Geospatial Technology, Introduction to Geospatial Technology (Course) - https://www.nterlearning.org/web/guest/course-details?cid=2501

Geospatial Technology, Spatial Analysis (Course) - https://www.nterlearning.org/web/guest/course-details?cid=2502

Geospatial Technology, Data Acquisition and Management (Course) - https://www.nterlearning.org/web/guest/course-details?cid=2503

Geospatial Technology, Cartographic Design (Course) - https://www.nterlearning.org/web/guest/course-details?cid=2504

Geospatial Technology, Introduction to Remote Sensing (Course) - https://www.nterlearning.org/web/guest/course-details?cid=2709

About THE NATIONAL TRAINING & EDUCATION RESOURCE (NTER) - https://www.nterlearning.org/home
NTER is an open source suite of browser-based software solutions built to help institutions develop, deploy, and manage educational and training courses for audiences of any type. This system was built with the capability to securely share content across all institutions and with the public. As an open source project, the NTER platform is free and has no licensing fees, allowing end users to free up resources for improved content development and customization. The costs associated with running your own NTER node are largely dependent on the number of users, the number of courses, and institutional IT experience to provide installation and maintenance support.
The USGS Streamer web site is a very cool and easy way to explore our major waterways. Click here to visit the new USGS Streamer web site: http://nationalmap.gov/streamer/webApp/welcome.html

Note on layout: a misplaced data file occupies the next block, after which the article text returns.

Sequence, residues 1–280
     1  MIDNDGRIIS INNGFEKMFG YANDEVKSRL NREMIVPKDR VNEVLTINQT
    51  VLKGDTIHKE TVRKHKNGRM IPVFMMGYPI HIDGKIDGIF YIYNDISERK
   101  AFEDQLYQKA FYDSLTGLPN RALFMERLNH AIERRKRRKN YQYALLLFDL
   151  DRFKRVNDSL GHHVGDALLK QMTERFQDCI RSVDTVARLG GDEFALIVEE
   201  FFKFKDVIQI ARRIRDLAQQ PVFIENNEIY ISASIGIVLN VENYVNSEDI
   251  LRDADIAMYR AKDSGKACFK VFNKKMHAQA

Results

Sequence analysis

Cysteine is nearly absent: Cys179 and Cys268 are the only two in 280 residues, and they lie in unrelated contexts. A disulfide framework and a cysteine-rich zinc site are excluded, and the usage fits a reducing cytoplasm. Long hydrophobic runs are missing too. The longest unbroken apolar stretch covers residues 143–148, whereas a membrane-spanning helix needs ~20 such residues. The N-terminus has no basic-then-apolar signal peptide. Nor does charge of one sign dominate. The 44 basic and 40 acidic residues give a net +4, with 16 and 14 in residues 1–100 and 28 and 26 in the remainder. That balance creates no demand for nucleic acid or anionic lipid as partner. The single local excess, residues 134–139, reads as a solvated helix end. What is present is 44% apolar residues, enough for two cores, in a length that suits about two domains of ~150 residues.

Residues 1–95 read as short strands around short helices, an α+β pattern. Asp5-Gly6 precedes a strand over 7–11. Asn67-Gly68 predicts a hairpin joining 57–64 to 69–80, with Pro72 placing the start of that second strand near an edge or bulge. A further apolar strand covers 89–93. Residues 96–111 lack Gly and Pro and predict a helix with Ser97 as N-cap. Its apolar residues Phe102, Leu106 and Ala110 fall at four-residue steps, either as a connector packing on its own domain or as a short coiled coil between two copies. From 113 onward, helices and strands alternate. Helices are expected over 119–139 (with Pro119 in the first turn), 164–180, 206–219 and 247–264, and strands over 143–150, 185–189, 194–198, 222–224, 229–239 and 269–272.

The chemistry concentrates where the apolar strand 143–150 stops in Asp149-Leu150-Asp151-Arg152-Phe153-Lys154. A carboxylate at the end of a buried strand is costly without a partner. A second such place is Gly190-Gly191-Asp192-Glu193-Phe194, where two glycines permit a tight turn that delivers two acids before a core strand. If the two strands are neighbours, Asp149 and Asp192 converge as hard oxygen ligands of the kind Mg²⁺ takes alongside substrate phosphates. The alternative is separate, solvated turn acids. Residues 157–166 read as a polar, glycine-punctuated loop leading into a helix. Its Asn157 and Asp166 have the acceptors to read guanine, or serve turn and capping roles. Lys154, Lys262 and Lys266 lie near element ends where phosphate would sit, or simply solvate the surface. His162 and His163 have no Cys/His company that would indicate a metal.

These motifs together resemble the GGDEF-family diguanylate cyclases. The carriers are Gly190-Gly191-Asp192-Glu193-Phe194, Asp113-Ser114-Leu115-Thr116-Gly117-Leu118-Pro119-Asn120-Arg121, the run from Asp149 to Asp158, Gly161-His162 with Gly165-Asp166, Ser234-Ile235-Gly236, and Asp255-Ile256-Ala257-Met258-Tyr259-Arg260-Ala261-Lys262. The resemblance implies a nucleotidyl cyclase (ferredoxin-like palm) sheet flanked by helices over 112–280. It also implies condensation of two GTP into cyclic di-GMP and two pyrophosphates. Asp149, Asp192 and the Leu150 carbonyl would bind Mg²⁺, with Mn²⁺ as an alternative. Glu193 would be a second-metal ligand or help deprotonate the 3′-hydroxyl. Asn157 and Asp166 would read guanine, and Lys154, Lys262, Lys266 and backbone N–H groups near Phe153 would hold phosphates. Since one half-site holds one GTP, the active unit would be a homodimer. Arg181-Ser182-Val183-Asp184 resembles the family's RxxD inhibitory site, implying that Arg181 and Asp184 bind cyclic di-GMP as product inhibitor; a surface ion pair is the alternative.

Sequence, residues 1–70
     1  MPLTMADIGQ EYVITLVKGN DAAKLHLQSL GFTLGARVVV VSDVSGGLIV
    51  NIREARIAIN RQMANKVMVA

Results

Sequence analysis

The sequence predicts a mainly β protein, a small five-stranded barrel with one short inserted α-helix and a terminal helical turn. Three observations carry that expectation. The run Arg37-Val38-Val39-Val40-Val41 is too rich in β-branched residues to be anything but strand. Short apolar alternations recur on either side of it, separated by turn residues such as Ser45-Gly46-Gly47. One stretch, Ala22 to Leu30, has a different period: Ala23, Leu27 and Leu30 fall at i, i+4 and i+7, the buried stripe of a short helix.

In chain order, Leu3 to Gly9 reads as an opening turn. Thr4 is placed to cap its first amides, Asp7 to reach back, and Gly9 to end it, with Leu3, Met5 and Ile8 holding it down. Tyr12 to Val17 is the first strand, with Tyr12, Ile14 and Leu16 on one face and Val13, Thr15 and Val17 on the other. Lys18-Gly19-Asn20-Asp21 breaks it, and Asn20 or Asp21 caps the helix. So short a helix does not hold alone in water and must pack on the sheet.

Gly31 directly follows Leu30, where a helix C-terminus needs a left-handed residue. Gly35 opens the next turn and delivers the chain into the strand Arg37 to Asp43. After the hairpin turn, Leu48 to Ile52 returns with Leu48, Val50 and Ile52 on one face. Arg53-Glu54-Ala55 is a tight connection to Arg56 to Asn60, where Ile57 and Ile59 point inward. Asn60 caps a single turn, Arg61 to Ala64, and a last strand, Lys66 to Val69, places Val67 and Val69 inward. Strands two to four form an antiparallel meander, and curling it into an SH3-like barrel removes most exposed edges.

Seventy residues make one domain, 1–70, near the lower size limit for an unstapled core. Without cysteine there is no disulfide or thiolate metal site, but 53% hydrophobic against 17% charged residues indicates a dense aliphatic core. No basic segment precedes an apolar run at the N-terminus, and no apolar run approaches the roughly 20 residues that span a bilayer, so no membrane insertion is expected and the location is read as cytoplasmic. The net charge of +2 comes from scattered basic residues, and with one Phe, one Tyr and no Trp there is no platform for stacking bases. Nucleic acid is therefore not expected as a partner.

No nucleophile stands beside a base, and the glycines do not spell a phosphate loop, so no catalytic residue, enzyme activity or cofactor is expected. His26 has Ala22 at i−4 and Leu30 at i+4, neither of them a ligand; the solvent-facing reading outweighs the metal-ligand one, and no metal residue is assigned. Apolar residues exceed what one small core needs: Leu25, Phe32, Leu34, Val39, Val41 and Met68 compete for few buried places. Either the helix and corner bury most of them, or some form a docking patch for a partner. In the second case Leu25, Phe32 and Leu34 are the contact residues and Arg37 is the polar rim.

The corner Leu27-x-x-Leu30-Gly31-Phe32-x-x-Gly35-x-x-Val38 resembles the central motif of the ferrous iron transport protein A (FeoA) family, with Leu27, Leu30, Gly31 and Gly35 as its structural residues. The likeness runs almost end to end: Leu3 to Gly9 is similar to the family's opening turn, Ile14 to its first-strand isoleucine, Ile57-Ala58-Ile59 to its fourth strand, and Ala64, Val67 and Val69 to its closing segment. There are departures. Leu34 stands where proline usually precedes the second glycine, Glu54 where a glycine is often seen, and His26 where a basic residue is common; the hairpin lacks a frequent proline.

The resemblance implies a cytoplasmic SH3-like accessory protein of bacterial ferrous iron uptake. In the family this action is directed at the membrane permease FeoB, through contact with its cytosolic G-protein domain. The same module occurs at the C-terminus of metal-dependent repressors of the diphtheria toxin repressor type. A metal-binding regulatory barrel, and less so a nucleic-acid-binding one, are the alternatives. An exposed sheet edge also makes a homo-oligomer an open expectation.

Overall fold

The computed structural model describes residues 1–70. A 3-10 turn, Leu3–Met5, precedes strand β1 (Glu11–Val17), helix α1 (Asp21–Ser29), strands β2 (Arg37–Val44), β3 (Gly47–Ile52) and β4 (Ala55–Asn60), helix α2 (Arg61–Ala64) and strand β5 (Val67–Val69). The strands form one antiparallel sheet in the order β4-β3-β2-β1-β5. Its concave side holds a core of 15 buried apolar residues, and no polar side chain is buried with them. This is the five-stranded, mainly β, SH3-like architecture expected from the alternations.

Streamer Downstream 1b.jpg
With a simple map click, anyone can trace rivers and streams from a starting point all the way downstream to where a stream drains.
Streamer Downstream 2.jpg

Streamer-downstream 3.jpg
Streamer also produces a report that includes a map and information about the people and places encountered along the streams traced.
Streamer Downstream 4.jpg
Even more impressive, they can click on a stream and trace all others that drain to that point.
Streamer Upstream 1.jpg

Streamer Upstream 2.jpg
A new map layer displays the locations of real-time streamflow stations across the country. Streamer updates this information hourly and symbolizes these stations to illustrate current streamflow conditions compared with each station’s observed mean streamflow on the same day of the year. You can tell at a glance whether conditions are above, below, or at normal levels at each station.
Streamer Upstream 3.jpg
Another new map layer has been added that shows weather radar across all 50 States.
Streamer Upstream 4.jpg